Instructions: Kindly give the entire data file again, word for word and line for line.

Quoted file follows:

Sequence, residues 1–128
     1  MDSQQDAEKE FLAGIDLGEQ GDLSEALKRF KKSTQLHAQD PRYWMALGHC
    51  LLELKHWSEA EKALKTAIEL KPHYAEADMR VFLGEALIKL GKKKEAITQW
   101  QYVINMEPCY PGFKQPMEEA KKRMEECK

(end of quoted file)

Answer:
Sequence, residues 1–128
     1  MDSQQDAEKE FLAGIDLGEQ GDLSEALKRF KKSTQLHAQD PRYWMALGHC
    51  LLELKHWSEA EKALKTAIEL KPHYAEADMR VFLGEALIKL GKKKEAITQW
   101  QYVINMEPCY PGFKQPMEEA KKRMEECK